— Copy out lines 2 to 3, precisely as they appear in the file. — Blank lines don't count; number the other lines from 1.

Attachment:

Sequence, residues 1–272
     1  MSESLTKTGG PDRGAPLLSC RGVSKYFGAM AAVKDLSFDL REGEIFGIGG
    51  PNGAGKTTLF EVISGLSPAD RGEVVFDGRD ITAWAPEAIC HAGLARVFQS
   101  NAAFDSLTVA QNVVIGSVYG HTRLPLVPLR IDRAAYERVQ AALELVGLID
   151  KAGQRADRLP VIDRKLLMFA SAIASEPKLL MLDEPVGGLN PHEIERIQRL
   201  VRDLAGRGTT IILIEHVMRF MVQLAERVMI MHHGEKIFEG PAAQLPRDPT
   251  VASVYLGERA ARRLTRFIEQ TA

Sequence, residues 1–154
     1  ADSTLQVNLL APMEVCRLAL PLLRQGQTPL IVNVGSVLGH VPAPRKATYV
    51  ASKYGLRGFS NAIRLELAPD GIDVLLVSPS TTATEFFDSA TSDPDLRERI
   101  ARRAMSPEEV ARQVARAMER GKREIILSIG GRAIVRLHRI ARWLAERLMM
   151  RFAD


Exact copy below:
     1  MSESLTKTGG PDRGAPLLSC RGVSKYFGAM AAVKDLSFDL REGEIFGIGG
    51  PNGAGKTTLF EVISGLSPAD RGEVVFDGRD ITAWAPEAIC HAGLARVFQS